But as I was talking about it, I just felt just completely stifled in what to say. Because I don’t know about you, but I am just feeling really overwhelmed about everything that’s going on right now with the coronavirus. So I just felt like talking it out and trying that. I’m not exactly sure. I don’t have an outline like I usually do. I don’t have things I’m wanting to teach or a message that I’m trying to get across here. But I just felt like there’s so much noise right now on social media, and on the news, and in every conversation I’m having with every person about it that I am getting to the point where I’m getting a feeling. The term I used earlier with my team is I was like, “I’m trying to create this podcast episode. But really, all I want to do is crawl into my closet, cover myself with blankets, and come out in two months. I feel like an anxious pile of goo.” But maybe if I go into my closet, cover myself in blankets I can maybe form to be a person and just sort of hibernate, you know? So that’s where I’m at.
So many people are with so many different opinions. Hey, we’re going to go on this cruise and risk it anyway even though I have elderly parents who have health issues or … It’s like all of this stuff, and you don’t know who to believe. You don’t know what information you can trust. You don’t know what it means for your family, for your community, for your parents. I know a lot of us in my age are especially worried about our parents. It’s pretty terrifying.
So I’m trying to think of what I can do. And what I can do is I can donate to the food bank. I can keep my family, practice my social distancing. I’m not going to be going to NAEA. They have not canceled it yet. I am pretty sure they will. If they don’t, I think that’s crazy. But, we can each do our individual part the best that we can.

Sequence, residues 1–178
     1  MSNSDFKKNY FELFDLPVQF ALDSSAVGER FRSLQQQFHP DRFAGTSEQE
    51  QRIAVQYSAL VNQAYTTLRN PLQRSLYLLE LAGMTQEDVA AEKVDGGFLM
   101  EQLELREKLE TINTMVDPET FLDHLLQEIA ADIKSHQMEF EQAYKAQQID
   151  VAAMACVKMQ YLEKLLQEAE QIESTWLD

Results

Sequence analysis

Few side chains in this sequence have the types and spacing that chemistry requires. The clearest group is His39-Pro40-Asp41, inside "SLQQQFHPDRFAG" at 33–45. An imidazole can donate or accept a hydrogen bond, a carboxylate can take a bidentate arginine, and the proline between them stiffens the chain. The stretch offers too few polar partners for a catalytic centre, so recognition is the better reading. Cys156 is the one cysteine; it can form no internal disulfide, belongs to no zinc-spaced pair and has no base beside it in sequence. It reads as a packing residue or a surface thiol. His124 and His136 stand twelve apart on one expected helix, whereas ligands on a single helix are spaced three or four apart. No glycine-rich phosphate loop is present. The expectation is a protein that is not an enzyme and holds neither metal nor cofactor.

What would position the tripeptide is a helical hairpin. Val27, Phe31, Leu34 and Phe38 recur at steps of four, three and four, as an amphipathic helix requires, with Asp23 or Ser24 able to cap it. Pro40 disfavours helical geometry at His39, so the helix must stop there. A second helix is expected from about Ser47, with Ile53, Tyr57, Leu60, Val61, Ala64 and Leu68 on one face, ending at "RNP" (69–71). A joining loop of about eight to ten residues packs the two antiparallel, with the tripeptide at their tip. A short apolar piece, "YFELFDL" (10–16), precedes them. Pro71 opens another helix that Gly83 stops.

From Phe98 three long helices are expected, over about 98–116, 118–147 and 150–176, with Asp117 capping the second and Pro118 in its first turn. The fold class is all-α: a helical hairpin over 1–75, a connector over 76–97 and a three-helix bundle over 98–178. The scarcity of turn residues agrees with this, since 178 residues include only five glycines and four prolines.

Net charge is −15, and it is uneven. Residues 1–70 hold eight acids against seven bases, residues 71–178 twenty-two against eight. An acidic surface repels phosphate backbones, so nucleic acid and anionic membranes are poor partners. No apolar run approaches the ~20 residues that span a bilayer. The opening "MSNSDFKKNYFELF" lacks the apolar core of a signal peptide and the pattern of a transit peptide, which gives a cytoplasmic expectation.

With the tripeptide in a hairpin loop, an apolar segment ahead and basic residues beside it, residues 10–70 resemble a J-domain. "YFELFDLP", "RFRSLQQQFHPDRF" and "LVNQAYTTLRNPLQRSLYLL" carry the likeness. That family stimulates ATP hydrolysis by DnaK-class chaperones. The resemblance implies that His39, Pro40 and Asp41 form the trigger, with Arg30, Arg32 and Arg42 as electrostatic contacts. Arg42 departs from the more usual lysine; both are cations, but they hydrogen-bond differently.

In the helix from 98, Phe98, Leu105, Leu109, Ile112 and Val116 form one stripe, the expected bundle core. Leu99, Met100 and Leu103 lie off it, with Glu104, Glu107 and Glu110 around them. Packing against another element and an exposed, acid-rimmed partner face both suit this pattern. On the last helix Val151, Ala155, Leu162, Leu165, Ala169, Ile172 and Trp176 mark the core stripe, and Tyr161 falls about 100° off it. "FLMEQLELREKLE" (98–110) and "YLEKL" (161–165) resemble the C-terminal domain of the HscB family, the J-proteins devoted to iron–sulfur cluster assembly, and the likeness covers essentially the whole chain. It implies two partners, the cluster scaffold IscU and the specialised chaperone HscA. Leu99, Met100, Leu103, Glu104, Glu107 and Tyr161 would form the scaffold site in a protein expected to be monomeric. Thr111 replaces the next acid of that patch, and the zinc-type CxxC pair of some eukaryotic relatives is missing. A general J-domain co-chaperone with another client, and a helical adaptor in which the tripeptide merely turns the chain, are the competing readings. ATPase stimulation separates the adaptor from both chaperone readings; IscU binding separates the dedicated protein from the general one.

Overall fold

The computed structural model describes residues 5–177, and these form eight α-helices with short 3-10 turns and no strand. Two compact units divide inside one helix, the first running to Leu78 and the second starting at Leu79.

But, I also know that my resources on Art Class Curator have the ability to assist in this time of need. So we have decided to open up our membership, the Curated Connections Library. We decided to just open that up. It’s usually closed, only open a couple of times a year because that’s … It’s easier to segment for the selling part of my brain versus the content creation part of my brain when I have those things separated. But in the instant in … There’s a lot of people who need things right now that we are going to keep that open. So if you go to artclasscurator.com/join, you can learn about it. It’s our membership with tons of art appreciation resources right at your fingertips.
The next thing that we’re going to do is create plans for those of you who are moving to online learning. So a lot of you are forced to take … You’re not in the classroom anymore. You have to deliver your lessons online in some sort of format. So we’re going to create plans within the membership that uses the resources from the membership, points you to the things that we think will work best, and then give you a place to start and go from there.
I am feeling the need especially to encourage art in this time. I just realized last night. I was getting ready for bed or I was laying … I usually read in bed before I go to sleep. I had just finished a book so I didn’t know what to read yet, and so I’m just sort of scrambling. Then I get sucked into all the news articles and news article after news article until I realized at some point that I’m like, “I am completely swept up.” And I didn’t necessarily realize how swept up I was, but I was like, “This is all I’ve thought about today.” I looked back on the day and I’m like, “Coronavirus was like 100% what I thought about that day,” which is really interesting because I’m not usually someone who gets worked up about the news and about the current events, that I usually have trust that everything’s going to be fine. And I do have trust that everything’s going to be fine, but that I realized that I was letting all of this weigh on me too, too heavily.